Wayne Rooney should retire from international duty to focus on prolonging his Manchester United career, according to former England captain Alan Shearer.
Current skipper Rooney was named in Sam Allardyce's first squad on Sunday having set up United's late winner in a 1-0 Premier League victory at Hull City a day earlier.
But Shearer claims the time has come for the 30-year-old forward - notably listed as a midfielder by Allardyce - to accept he can no longer cope with the demands of international football and remain a part of Jose Mourinho's first-team plans.
"This is a Manchester United squad of real depth and power and Rooney needs to be producing at the highest level to make sure he stays in it," Shearer wrote in his column for The Sun.
"It is time for Rooney to be selfish and start thinking just about himself.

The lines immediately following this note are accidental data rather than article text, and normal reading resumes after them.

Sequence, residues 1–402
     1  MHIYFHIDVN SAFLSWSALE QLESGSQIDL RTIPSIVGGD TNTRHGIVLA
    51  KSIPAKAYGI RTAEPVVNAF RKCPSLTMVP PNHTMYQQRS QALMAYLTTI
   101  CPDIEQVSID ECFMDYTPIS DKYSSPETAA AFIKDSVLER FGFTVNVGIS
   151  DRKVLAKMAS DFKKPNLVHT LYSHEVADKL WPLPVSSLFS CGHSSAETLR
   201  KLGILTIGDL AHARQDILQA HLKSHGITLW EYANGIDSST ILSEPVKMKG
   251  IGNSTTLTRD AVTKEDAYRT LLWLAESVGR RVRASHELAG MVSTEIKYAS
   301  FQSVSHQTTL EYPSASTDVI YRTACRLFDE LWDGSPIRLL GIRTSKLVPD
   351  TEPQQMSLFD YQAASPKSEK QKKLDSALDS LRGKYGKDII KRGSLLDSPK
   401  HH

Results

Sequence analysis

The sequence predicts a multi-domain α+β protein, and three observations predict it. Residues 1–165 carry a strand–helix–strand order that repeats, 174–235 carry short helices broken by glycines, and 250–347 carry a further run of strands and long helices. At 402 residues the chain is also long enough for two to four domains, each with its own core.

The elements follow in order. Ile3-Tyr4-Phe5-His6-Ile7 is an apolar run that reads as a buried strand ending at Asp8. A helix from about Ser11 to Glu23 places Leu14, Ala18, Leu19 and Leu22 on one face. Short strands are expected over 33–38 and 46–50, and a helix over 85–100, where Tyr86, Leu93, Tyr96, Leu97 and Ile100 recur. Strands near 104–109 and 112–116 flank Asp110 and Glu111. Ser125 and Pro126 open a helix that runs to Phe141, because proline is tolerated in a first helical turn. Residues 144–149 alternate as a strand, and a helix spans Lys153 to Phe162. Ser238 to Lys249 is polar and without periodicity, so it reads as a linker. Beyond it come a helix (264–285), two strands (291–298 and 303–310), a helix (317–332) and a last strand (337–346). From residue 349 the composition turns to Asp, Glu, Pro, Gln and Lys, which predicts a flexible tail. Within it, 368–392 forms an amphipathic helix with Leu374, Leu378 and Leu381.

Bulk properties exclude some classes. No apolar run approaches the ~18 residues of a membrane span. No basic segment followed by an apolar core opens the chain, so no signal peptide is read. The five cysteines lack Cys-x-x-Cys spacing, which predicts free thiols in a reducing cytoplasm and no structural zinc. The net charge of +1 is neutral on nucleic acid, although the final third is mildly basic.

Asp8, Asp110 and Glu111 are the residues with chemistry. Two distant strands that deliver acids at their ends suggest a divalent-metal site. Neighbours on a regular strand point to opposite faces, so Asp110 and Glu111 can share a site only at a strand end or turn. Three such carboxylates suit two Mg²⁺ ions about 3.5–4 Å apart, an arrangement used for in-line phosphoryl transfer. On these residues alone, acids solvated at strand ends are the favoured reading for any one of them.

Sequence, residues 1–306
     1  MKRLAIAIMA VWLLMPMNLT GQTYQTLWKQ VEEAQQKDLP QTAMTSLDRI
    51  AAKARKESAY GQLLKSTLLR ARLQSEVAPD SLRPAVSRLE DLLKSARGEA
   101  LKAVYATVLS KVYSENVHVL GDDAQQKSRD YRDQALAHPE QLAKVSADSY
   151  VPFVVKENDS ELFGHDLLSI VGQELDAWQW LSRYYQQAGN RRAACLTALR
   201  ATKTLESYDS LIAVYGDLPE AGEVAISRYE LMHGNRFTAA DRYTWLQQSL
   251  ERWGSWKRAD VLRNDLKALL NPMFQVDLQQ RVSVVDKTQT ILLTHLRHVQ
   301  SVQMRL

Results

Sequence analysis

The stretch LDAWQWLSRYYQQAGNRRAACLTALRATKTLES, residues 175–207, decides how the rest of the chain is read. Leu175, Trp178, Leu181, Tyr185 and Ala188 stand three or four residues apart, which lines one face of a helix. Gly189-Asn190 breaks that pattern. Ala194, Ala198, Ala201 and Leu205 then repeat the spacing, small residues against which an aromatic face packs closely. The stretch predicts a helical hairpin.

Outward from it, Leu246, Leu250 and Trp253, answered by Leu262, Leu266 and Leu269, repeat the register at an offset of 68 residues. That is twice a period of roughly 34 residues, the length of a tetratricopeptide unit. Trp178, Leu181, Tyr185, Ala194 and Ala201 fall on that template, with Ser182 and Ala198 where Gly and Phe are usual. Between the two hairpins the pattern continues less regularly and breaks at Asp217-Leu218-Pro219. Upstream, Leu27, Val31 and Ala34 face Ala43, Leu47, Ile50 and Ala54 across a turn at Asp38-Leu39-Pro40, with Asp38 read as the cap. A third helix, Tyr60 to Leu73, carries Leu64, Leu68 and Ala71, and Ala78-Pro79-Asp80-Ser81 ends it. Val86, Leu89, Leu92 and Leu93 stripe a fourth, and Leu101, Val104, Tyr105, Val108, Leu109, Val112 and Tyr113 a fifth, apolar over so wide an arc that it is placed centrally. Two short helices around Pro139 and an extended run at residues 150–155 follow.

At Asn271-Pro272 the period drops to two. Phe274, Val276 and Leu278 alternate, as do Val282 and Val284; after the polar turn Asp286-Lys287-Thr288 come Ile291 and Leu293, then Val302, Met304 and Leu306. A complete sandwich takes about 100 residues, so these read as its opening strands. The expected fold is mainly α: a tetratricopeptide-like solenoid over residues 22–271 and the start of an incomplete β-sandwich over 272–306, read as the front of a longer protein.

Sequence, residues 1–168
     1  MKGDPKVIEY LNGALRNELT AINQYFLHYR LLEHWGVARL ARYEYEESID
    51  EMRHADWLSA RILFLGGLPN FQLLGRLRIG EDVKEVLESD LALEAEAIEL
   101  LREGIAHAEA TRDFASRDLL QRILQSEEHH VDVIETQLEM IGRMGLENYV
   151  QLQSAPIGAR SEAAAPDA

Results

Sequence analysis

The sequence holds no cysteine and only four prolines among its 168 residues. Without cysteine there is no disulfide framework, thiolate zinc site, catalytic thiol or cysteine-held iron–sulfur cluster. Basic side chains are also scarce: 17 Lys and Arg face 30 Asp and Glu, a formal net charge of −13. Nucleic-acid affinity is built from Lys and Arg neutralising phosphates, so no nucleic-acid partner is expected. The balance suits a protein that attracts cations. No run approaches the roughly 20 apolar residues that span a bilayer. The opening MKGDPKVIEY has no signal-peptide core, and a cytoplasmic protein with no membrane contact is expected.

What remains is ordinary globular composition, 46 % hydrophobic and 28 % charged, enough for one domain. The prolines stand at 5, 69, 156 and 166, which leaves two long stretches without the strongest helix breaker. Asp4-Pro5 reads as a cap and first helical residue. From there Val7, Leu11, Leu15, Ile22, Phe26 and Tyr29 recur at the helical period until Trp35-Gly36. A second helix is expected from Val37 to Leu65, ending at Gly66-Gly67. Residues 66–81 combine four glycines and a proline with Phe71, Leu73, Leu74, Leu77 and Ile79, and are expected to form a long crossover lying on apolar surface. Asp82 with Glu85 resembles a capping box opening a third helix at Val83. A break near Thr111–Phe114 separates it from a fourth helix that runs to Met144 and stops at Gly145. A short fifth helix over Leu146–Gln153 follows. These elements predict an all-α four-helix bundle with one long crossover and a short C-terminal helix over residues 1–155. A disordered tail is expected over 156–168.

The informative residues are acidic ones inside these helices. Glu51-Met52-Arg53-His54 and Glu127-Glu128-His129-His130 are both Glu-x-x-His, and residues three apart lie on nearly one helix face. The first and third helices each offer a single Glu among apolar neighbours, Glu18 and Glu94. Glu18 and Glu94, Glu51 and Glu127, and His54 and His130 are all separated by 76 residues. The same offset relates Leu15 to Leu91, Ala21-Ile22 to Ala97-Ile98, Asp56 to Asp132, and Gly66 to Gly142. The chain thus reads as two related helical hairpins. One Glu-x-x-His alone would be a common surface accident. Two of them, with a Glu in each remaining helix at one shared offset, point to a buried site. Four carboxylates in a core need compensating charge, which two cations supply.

"And that, I really regret to say, means his retirement from international football.
"I don't say this in the belief that he is no longer good enough for England - he is.
"But he is 30 now and captaining your club and country, satisfying the demand to play at the top level for both, gets harder."
Shearer explained his decision to retire from England duty at 29 after Euro 2000 allowed him to continue playing for Newcastle United until he was 35.
"Rooney can feel no shame if he takes the decision," Shearer added. "He has been selfless in his approach to England, often playing through injury to make sure he represents his country.
"He is our all-time record goalscorer and wears that shirt with pride.
"It has not gone well for him in major finals, not least in France at the Euros. But there has never been a lack of effort.
"He has not just been playing for club and country for over a decade now, but of late has captained both. That can mentally take its toll.
"You feel that extra responsibility, particularly when the profile is so high at Old Trafford.
"It is time for him to acknowledge that he simply can't keep doing both - and I mean that for his own good."